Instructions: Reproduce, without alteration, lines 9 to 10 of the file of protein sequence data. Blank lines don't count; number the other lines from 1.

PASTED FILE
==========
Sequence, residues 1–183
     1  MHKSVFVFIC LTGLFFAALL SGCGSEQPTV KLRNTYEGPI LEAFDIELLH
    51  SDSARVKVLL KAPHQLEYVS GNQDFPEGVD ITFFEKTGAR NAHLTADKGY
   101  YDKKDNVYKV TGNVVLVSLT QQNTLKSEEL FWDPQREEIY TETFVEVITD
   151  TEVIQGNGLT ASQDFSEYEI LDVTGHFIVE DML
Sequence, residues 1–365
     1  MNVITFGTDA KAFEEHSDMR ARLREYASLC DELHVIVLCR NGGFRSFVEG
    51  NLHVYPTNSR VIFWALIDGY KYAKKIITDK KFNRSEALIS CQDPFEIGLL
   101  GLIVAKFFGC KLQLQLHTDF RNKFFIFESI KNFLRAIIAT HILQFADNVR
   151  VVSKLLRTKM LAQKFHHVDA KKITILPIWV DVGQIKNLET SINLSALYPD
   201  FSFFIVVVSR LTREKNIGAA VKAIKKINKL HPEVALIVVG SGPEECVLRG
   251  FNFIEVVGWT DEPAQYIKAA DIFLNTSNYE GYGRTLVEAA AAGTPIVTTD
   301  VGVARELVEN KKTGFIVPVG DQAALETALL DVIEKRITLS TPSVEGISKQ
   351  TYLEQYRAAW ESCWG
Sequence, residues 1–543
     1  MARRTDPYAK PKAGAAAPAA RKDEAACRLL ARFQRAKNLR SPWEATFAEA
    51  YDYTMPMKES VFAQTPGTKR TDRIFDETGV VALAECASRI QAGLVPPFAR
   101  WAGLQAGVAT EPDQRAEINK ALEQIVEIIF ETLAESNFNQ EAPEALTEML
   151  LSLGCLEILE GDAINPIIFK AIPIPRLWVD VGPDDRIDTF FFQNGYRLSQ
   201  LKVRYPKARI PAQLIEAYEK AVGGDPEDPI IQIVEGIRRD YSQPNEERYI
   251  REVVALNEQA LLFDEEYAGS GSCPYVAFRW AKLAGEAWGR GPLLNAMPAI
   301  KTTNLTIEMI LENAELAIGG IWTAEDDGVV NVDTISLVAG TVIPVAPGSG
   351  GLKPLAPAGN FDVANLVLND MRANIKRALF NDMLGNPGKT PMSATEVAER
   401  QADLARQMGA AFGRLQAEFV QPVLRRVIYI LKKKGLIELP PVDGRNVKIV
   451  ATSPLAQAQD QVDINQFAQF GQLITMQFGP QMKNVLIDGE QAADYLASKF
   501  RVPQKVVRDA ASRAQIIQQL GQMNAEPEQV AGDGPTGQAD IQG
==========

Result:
   101  GLIVAKFFGC KLQLQLHTDF RNKFFIFESI KNFLRAIIAT HILQFADNVR
   151  VVSKLLRTKM LAQKFHHVDA KKITILPIWV DVGQIKNLET SINLSALYPD